Martin Heinrich Klaproth and the Analytical Chemistry

Martin Heinrich Klaproth (1743 – 1817)

Martin Heinrich Klaproth (1743 – 1817)

On December 1, 1743, German chemist Martin Heinrich Klaproth was born. Klaproth, one of the well known founders of analytical chemistry discovered uranium (1789), zirconium (1789), cerium (1803), and contributed to the identification of others. Although he did not isolate them as pure metal samples, he was able to recognize them as new elements.

Youth and Education

Martin Heinrich Klaproth was born in Wernigerode as the child of a poor tailor. After attending the Stadtschule zu Wernigerode, Klaproth worked for six years in the Ratsapotheke in Quedlinburg. Martin Heinrich Klaproth worked at the council pharmacy in Quedlinburg, and later became assistant in various pharmacies in Hannover, Berlin, and Gdansk. He studied with the chemists Johann Heinrich Pott and Andreas Sigismund Marggraf in Berlin.

First Chemical Experiments

In 1771 he returned from Gdansk to Berlin and worked in the pharmacy Zum weißen Schwan of Valentin Rose the Elder, with whom he became friends. When Rose died shortly afterwards, Klaproth continued to run the pharmacy and took over the education of the four children of his employer, including Valentin Rose the Younger. He set up a laboratory to carry out experimental investigations. After his marriage to the wealthy Christiane Sophie Lehmann, a niece of the chemist Andreas Sigismund Marggraf, he acquired the Bären-Apotheke in Berlin in 1780, which enjoyed a good reputation until his departure in 1800. At the Academy of Sciences, Klaproth started working as a regular chemist, succeeding Franz Carl Achard.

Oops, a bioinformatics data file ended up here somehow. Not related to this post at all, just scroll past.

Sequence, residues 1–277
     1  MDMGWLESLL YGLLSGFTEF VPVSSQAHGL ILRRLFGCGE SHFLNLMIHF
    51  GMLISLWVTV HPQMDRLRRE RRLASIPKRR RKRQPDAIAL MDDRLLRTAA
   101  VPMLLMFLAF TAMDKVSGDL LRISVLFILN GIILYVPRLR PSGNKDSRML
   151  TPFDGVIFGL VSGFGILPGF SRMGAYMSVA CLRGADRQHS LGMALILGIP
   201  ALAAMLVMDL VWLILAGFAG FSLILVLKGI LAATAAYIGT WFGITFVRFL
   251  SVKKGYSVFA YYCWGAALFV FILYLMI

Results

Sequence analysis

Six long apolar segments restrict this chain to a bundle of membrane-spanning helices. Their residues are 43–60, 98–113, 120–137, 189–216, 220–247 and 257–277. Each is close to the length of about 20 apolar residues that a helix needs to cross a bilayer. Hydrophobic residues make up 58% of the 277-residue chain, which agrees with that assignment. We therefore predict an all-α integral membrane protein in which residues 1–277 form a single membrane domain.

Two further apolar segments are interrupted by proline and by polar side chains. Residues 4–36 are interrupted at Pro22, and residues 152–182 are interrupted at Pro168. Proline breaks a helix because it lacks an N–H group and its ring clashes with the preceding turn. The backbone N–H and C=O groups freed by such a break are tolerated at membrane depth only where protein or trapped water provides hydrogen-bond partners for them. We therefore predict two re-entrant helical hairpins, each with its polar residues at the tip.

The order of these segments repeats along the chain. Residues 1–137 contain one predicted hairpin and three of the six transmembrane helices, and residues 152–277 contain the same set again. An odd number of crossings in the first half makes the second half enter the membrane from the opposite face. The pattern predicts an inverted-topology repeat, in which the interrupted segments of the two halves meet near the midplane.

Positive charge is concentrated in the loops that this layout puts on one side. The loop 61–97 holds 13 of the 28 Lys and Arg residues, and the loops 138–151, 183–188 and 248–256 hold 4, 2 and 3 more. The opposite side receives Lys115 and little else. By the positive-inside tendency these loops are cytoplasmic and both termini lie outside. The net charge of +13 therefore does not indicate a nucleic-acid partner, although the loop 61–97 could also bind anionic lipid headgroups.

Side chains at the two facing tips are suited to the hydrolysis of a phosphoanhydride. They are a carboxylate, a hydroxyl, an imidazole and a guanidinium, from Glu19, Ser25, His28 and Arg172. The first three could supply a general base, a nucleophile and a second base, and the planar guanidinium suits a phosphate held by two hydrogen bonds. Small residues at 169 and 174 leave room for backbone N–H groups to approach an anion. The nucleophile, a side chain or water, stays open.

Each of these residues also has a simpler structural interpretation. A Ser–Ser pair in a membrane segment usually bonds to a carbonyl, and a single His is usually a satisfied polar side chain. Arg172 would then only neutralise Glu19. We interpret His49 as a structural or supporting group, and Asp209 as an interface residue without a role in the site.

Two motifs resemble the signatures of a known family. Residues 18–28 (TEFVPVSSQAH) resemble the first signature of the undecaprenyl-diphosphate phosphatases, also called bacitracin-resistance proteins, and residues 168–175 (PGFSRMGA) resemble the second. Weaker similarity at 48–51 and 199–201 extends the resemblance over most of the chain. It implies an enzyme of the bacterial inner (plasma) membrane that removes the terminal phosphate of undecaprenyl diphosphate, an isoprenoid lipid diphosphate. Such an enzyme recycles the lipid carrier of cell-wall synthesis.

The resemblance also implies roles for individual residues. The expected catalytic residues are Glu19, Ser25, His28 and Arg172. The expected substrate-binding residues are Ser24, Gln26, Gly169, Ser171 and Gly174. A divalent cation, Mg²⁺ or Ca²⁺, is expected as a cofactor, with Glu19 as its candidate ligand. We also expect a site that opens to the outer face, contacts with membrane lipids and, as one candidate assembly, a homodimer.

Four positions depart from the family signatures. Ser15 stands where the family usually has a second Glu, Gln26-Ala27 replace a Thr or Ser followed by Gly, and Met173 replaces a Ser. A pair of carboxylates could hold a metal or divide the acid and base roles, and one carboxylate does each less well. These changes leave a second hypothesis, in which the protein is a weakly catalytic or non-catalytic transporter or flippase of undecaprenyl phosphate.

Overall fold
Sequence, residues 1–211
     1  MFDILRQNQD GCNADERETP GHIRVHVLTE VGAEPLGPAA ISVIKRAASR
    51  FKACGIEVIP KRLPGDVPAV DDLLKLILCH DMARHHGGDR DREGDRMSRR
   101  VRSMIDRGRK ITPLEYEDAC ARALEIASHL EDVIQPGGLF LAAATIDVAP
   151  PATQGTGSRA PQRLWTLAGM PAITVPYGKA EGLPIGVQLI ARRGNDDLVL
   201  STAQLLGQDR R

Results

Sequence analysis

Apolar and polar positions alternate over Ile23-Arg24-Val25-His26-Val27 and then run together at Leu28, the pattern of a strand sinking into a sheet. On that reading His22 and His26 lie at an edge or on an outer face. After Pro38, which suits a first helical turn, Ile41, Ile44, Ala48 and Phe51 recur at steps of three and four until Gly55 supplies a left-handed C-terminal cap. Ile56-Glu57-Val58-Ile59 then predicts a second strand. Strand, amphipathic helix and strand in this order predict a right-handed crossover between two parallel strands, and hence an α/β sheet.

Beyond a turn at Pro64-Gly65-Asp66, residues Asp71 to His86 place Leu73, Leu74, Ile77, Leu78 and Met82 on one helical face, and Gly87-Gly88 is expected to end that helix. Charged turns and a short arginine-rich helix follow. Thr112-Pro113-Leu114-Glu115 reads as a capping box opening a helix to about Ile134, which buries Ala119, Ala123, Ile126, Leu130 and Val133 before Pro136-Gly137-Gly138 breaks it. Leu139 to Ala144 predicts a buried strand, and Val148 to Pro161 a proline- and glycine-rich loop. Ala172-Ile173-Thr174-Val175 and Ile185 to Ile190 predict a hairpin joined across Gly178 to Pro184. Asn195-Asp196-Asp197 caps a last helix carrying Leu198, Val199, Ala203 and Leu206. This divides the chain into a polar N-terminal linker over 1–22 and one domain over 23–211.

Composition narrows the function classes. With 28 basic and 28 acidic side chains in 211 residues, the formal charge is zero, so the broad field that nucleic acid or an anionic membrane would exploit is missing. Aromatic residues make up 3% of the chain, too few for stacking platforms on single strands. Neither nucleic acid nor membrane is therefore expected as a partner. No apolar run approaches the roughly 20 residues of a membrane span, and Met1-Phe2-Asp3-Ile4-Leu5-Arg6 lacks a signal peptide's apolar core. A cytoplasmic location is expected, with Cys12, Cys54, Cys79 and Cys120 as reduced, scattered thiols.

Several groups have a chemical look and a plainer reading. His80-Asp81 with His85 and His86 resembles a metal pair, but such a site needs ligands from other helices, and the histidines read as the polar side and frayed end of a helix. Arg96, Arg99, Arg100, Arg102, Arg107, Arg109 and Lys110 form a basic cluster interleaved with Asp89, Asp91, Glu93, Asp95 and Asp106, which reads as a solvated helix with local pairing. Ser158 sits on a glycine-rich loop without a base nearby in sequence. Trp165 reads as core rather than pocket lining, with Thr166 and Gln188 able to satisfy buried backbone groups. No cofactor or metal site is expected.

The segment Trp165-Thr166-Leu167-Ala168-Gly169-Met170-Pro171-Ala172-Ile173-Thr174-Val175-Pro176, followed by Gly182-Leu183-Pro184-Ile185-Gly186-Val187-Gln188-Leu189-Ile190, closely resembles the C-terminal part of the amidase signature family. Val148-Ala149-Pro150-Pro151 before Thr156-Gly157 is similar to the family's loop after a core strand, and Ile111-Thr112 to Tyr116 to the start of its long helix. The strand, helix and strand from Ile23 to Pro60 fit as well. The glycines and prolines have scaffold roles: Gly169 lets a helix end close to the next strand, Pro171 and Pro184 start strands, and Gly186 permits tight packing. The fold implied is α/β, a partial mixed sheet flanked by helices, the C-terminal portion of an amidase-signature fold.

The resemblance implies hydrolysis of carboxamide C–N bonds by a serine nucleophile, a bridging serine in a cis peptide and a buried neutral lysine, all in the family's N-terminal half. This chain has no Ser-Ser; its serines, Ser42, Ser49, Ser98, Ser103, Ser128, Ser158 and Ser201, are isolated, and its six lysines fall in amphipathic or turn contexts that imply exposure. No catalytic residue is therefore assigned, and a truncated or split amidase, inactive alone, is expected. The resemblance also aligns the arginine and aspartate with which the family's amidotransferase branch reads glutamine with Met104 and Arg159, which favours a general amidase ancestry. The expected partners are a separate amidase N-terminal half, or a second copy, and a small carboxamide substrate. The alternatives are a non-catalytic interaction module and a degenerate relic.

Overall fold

Martin Klaroth’s Mineral Analysis

Starting from 1787, Martin Klaproth became part-time professor of chemistry at the Berlin Artillery School, a lecturer at the Collegium medico-chirurgicum and a teacher at the Berg- und Hütteninstitut. From 1795 to 1815, Klaproth published six volumes of his “Contributions to the Chemical Knowledge of Mineral Bodies“. His special predilection was mineral analysis. Next to his achievements in mineral analysis, Klaproth was interested in determining the silver, copper and zinc content of metals, coins and glass analysis. He also developed a digestion method for silicates (evaporation with potassium hydroxide solution, melting in a silver crucible). He further developed a digestion process for silicates, found phosphates in urine, and elucidated the composition of alum, apatite, red copper ore, yellow lead ore, aragonite, lepidolite, dolomite, emerald, topaz, garnet and titaniumite.

Martin Klaproth became the first to describe a series of unknown or incorrectly arranged compounds and carried out new precise qualitative and quantitative analyses. He compiled an immense mineral collection, which at the end of his life comprised 4828 pieces and was purchased by the Berlin University after his death, and is now housed in the Berlin Museum of Natural History.

Later Life

In 1810, Klaproth was appointed professor of chemistry at the newly founded Berlin University on Alexander von Humboldt’s suggestion.[4] Jöns Jacob Berzelius was proposed as a successor to the chair of chemistry, but he rejected his position and proposed the young Eilhard Mitscherlich instead.[5] Klaproth was elected a Fellow of the Royal Society in 1795 and a foreign member of the Royal Swedish Academy of Sciences in 1804. In 1815 he was elected as an external member of the Göttingen Academy of Sciences.

Martin Heinrich Klaproth died of a stroke on New Year’s Day 1817 at age 73.

Alex Ullrich, Minerals Lecture, Part 1, [7]

References and Further Reading:

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